Italy's lame-duck government meets the Alitalia unions tomorrow morning in a last-ditch effort to persuade them to change their minds and accept Air France-KLM's €140m (£112m) offer.
Romano Prodi, outgoing Italian Prime Minister, has been telling anyone who would listen for more than a year that Alitalia was in terminal trouble and finally the message is sinking in. But with a general election at the weekend and Silvio Berlusconi's People of Liberty coalition looking a good bet to win it, it is unlikely that tomorrow's meeting will lead to a radical rethink by the unions.
It was on 14 March that Alitalia presented its offer for the company, which was far less favourable than company and unions had expected. The offer valued the company at about €0.10 per share compared to its closing share price of €0.53. After the offer was made public the share price went into a tail spin and trading is currently suspended.
The offer also required the cutting of 1,600 jobs among pilots, crew and ground staff, out of a total of 11,000 employees. No guarantees were given for the future of Alitalia Servizi, the maintenance firm part-owned by the carrier and which has 8,300 employees.
Alitalia is losing around €1m a day, but political demands to save the national carrier and the jobs, and the political weight of the dozen-odd unions, have led successive governments to put off dealing radically with the firm's problems and instead keep it hobbling along with further injections of cash. But with Air France-KLM's brutal recipe for survival, reality finally dawned.
Luckily, Silvio Berlusconi was on hand to ensure that it did not dawn for very long. The media magnate and two-time prime minister galloped to the rescue, condemning Air France's offer for the company as "arrogant and unacceptable" and urging "patriotic" Italian businessman to step forward and save Alitalia for the nation.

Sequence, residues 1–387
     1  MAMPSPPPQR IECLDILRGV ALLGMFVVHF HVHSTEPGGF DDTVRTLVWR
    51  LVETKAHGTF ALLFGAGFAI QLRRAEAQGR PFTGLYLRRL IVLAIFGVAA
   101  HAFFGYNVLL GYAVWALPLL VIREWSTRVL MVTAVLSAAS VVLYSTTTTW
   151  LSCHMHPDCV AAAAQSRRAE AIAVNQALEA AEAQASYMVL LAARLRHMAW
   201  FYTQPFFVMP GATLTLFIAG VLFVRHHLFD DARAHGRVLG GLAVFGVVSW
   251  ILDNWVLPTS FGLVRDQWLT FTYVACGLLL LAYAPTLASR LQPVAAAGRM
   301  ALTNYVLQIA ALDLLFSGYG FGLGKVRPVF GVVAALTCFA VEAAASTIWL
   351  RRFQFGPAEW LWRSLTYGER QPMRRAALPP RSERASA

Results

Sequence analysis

"Even Greece and Portugal have national airlines," he declared. "One can't just give up Alitalia. I've been silent until now, but I spoke up when I saw the unacceptable conditions."
In the first flush of enthusiasm he hinted strongly that he himself would be the firm's saviour, along with his children and other members of the family, backed by unspecified Arab investors "ready to help" with minority stakes.
But coming in the heat of the election campaign, Mr Berlusconi's intervention had a strong whiff of cynical grandstanding about it, and he quickly distanced himself from the idea that he might save Alitalia in person. As politicians and businessmen have admitted, sadly, Air France is the only show in town. "If there were Italian businessmen capable of saving Alitalia," reasoned Christian Democrat leader Pier Ferdinando Casini, "why didn't they come forward earlier?"
But Mr Berlusconi's former foreign minister and deputy-prime minister Gianfranco Fini also came out against the plan, as did Letizia Moratti, mayor of Milan and Berlusconi's former education minister. In the Air France plan, Milan's Malpensa airport is to cease to function as Alitalia's second hub alongside Rome's Fiumicino airport. The city of Milan is a major shareholder in SEA, the firm that owns both Milan's airports, and SEA is suing Alitalia for €1.25bn for not keeping its promise to maintain Malpensa as a hub.
The upshot of all this was that the unions rejected the Air France deal. In response last Wednesday, Air France walked away from the negotiations and the same day Alitalia's chairman Maurizio Prato, the third in a year, resigned. "Alitalia is cursed," he said in parting, "only an exorcist can save it."
All avenues to the firm's salvation now appear blocked. Italy has spent about €4.3bn propping the firm up over the past five years, but the EU has barred it from giving any more; the putative Italian white knight has yet to show up. Meanwhile, some politicians have begun to think the unthinkable. Letizia Moratti said, "Air France has put forward such outrageous proposals that I doubt that they really want to buy Alitalia. Before arriving at bankruptcy it is obligatory to search for another solution. But bankruptcy would not be a catastrophe."Reuse content